You already have a sense of the answer, When you put a little magnet near a big one, the little magnet tends to line up with its "north" pole near the "south" pole of the big magnet. I'm assuming of course that the little magnet is free to swing around, like the little magnets in compasses. It turns out the Earth is a big magnet, though it is not a very strong one, so compasses line up in the Earth's field just the way they do near another magnet. It turns out the Earth's "north" magnetic pole is only near, not at, the geographic North Pole. The Earth turns on an axis which passes through the geographic poles. The compass of course points toward the magnetic pole, not the geographic pole. For many purposes, that's close enough, unless you're in the far north.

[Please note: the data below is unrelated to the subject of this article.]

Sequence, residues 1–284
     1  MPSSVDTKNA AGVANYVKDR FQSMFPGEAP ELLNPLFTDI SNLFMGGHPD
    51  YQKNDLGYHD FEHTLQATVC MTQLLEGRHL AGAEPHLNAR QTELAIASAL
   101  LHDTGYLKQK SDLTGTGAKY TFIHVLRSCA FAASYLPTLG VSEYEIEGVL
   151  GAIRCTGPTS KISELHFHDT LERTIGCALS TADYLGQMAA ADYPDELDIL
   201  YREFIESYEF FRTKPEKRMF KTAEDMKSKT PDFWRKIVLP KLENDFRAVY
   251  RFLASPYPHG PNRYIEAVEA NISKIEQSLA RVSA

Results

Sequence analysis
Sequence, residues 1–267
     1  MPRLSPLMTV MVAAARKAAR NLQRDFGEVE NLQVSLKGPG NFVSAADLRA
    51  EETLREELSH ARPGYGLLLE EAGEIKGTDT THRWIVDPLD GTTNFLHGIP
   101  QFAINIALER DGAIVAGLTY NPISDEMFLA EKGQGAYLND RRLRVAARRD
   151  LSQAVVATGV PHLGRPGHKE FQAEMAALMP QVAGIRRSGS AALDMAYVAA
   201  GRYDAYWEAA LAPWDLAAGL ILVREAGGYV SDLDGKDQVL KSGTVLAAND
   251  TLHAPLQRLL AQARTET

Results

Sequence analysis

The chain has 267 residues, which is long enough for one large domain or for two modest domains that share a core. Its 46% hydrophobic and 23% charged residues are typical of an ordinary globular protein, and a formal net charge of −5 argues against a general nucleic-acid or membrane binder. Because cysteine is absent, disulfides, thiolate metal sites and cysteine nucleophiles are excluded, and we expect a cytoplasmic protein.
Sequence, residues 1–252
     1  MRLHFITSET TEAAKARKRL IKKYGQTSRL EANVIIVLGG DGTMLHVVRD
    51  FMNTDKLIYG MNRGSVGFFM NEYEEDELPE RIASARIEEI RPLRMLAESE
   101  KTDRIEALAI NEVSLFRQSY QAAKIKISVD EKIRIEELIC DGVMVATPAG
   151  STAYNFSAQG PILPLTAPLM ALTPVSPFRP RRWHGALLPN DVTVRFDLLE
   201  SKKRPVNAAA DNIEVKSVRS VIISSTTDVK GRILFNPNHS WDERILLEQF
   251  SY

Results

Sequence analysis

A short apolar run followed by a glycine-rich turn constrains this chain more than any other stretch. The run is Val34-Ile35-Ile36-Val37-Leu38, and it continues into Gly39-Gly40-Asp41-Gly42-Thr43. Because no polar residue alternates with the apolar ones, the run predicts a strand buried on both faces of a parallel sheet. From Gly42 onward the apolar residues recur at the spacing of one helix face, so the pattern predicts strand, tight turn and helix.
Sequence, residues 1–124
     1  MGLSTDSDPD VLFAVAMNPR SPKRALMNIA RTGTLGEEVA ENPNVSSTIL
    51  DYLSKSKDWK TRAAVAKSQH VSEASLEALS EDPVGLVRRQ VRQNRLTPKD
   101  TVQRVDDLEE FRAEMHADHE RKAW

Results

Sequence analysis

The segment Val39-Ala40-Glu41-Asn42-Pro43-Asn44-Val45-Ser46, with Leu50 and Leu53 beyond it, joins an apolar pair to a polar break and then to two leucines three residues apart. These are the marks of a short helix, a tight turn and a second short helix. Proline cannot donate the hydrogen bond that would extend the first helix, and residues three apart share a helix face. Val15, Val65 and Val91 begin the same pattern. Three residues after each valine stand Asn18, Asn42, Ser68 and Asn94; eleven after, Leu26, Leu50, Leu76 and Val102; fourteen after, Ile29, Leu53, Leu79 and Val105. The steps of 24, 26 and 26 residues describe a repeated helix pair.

Extra interesting information: The Earth's magnetic poles move around all the time! They even have swapped places on geological time scales (millions of years). Here is a recent story on CNN (March 20, 2002) on the magnetic north pole's latest wanderings: CNN article on magnetic pole wandering
The magnetic field of the Earth is generated by electrical currents in the molten iron in the core of the Earth. The core is constantly churning around because it is very hot and is exchanging heat with the Earth's mantle (molten rock). This churning can move the magnetic field lines pinned to current loops in the liquid. See this nice site at Scientific American
for more information.
Mike and Tom
(republished on 07/22/06)